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Interstate Commodities Inc.: Decades of Family Ownership and Value-added Service
Victor Oberting Sr. began to build his family legacy after many years of working for the Seagram’s whiskey distillery in Lawrenceburg, Ind. Victor established Interstate Commodities Inc. (ICI) in 1947 by purchasing distillery grains and selling to the feed industry throughout the eastern U.S. More than 66 years later, the operation has expanded throughout the country, and is now in the hands of third-generation Greg Oberting, Gary Oberting and Victor Oberting 111.
The Next Generation of Success
“I took over from my father, Victor Oberting Jr., in 2005,” recalls Greg. “I was always interested in the family business, but after going to college and studying economics and marketing I felt as though my skills were well-suited for ICI. I was very fortunate to enter a company I had ownership in and the open book to make what I wanted out of it. Very few companies are lucky enough to remain in family hands, especially once they’ve reached our size.”
Greg has focused on expanding ICI through value-added service in agricultural commodity transportation and logistics. “Over the course of time we’ve grown the company, but we’ve experienced the most significant growth over the last decade,” he explains. “However, what’s always remained constant is our close, family ownership and value-added service. We’re always looking to add value to the supply chain with each customer, while most peers in the agriculture industry focus purely on price; we see that as our strategic advantage.”
Today ICI operates out of three locations in Troy, N.Y., Omaha, Neb., as well as Jacksonville, Fla. “ICI is the parent company of our two subsidiaries, RM Railcars LLC [RM Railcars] based in New York and Watseka Interstate LLC [Watseka Interstate] in Illinois,” details Greg. “Through our subsidiaries and various acquisitions we’ve been able to dramatically expand our footprint throughout the U.S.”
Watseka Interstate serves as ICI’s core agronomy, field management and seed supplier, while also handling grain storage operations. Additionally, RM Railcars, which was founded in 2001, operates as a full-service railcar leasing and management entity, running more than 6,000 privately owned railcars throughout North America. The subsidiary provides railcar management, involving tracking, reporting, tax service and mobile repair service.
Influential from East to West
ICI’s services truly span the U.S., from the Atlantic states to the Gulf Coast to the Midwest and beyond. “Aside from our three main locations, we operate various branches throughout the country,” shares Greg. “We have five railcar shops spread across Illinois, Michigan, Ohio and Oklahoma, along with fertilizer and grain storage and distribution sites in New York, Pennsylvania, Florida, Ohio, Illinois, South Dakota and California.”
Greg admits ICI is aggressively growing by taking full advantages of business development opportunities wherever present. In May 2013 ICI saw an opportunity to purchase the then-failing Gregory Farmers Elevator in South Dakota.
“We’ve had a lot of success with rescuing failed cooperatives in the past,” he details. “We organized a rescue package to secure creditors and came to an agreement with members to transition the Gregory Farmers Elevator to our organization. It was a win-win situation, because we saved the cooperative without injuring its reputation, something that’s very valuable in this business.”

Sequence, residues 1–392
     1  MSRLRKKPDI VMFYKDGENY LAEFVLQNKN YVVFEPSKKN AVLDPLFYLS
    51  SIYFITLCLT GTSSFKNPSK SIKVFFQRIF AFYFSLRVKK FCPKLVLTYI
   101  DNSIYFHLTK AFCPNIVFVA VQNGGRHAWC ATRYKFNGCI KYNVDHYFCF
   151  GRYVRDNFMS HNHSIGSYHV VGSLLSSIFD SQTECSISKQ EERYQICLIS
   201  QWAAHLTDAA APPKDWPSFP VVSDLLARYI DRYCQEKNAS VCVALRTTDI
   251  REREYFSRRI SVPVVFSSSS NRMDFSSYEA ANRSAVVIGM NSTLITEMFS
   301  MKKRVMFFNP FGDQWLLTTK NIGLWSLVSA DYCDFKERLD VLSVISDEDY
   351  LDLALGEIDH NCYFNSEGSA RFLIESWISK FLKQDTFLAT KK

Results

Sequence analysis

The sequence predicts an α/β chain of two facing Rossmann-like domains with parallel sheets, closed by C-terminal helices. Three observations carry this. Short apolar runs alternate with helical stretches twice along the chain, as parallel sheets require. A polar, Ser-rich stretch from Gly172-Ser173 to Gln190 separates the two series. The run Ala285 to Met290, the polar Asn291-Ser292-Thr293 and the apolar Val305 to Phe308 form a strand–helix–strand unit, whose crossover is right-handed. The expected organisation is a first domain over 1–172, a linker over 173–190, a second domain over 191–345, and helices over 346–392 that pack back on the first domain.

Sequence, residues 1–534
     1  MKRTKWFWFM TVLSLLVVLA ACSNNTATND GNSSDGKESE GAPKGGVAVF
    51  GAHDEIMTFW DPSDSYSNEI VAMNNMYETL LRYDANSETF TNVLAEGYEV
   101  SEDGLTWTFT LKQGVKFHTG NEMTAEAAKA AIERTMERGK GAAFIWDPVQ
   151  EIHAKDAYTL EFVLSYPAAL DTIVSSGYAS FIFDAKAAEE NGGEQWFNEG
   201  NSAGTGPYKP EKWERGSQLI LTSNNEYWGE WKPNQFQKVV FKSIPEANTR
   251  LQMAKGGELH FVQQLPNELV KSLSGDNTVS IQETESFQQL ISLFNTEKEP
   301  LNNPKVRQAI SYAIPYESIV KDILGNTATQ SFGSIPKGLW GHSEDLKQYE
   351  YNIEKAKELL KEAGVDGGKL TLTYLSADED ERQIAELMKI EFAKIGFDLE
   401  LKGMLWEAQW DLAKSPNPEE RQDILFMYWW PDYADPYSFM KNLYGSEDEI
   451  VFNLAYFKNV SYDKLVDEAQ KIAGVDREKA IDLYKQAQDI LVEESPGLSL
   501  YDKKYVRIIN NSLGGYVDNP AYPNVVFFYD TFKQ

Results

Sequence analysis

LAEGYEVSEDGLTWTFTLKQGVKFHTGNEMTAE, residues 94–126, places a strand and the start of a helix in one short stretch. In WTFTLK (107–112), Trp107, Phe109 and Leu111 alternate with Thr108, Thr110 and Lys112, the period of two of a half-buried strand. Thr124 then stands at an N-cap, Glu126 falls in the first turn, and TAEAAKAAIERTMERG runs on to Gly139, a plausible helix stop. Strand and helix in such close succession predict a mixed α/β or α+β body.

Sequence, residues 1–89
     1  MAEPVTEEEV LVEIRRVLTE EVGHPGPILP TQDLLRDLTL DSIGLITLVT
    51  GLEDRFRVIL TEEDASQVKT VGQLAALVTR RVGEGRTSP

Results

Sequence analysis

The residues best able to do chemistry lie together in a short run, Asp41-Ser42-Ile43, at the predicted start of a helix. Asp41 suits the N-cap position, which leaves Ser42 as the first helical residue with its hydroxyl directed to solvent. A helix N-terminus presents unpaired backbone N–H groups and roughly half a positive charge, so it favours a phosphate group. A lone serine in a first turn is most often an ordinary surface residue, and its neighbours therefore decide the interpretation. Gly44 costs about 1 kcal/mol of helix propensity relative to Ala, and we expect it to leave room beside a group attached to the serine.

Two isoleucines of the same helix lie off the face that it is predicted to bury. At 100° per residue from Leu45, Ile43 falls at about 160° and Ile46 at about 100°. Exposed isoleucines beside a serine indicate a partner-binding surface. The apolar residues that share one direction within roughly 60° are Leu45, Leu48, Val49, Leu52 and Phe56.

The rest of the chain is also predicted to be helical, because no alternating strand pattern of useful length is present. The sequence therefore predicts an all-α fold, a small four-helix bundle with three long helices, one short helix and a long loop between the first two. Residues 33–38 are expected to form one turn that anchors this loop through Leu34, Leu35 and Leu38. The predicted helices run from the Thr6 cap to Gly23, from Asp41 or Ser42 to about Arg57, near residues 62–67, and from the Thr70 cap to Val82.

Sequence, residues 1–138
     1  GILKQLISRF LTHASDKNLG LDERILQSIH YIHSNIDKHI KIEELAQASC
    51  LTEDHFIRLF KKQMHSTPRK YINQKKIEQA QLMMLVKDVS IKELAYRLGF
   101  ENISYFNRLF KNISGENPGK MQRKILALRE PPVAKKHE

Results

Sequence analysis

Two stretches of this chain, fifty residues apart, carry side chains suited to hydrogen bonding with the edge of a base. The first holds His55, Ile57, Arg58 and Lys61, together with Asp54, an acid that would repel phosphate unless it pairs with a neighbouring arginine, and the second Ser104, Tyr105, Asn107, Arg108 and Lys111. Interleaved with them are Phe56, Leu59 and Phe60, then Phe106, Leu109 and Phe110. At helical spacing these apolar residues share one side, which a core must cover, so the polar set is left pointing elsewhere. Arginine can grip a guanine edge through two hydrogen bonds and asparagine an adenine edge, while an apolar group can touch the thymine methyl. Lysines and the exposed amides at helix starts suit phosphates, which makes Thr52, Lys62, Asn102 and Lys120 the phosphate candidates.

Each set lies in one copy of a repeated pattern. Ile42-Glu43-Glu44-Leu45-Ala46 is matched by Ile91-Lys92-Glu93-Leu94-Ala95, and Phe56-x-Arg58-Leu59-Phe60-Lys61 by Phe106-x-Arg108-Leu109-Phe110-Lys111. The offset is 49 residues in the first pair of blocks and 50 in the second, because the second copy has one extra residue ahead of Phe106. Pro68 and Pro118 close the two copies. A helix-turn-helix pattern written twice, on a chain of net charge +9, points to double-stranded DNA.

Greg reveals ICI has also acquired two other assets in South Dakota, a sourcing agreement for an Ohio ethanol plant, as well as operating two large-scale grain elevators in Ohio. “We’re working with Trillium Farms in Johnstown, Ohio, which is one of the largest egg producers in the Midwest with over 12 million laying hens,” he reveals. “We’re supplying all of their grain by directly operating the elevators.”
ICI’s presence in Ohio and impact on overall corn trading in the U.S. is significant. “We’ve become one of the largest consumers of rail corn, supplying to end-users all over the country,” notes Greg. “Between ICI’s local truck demand and rail origination, we’re consuming over 20 percent of all the corn that’s produced in Ohio.”
The company’s Omaha branch has also recently established a corn sourcing relationship with Plymouth Energy (Plymouth) in Merrill, Iowa. ICI will manage all corn settlements and oversee logistics for Plymouth. “Our focus on logistics and transportation services and not so much on volume set us apart from others in this industry,” says Greg. “We’re more customized than most.”
The company’s recent growth through acquisitions and partnerships has allowed for expansion while ICI remains grounded in storage and transportation operations. “These type of fixed-fee-based revenue streams are a good balance for our grain and trading storage operations,” says Greg. “By focusing on cost-effective solutions and value-added service, we’ve earned the respect of some large national companies.”
ICI is currently focusing on Food and Drug Administration Food Safety Certification and Hazard Analysis and Critical Control Point (HACCP) programs. “We’re also building committees for human resources, information technology, administrative training, credit and collections and contract management,” details Greg.
Greg admits ICI’s growth has been remarkable over the last 10 years and sees more of the same success in the company’s future. “When I started we had just 10 employees,” he recalls. “Now we have 100 and are doing over $2 billion in annual sales, all while remaining a family-centered operation.”
Interstate Commodities Inc. continues to provide value-added agriculture management and logistics for numerous clients across the U.S., with the third-generation Oberting drive.
For more information about Interstate Commodities Inc., please visit: www.icigrain.com.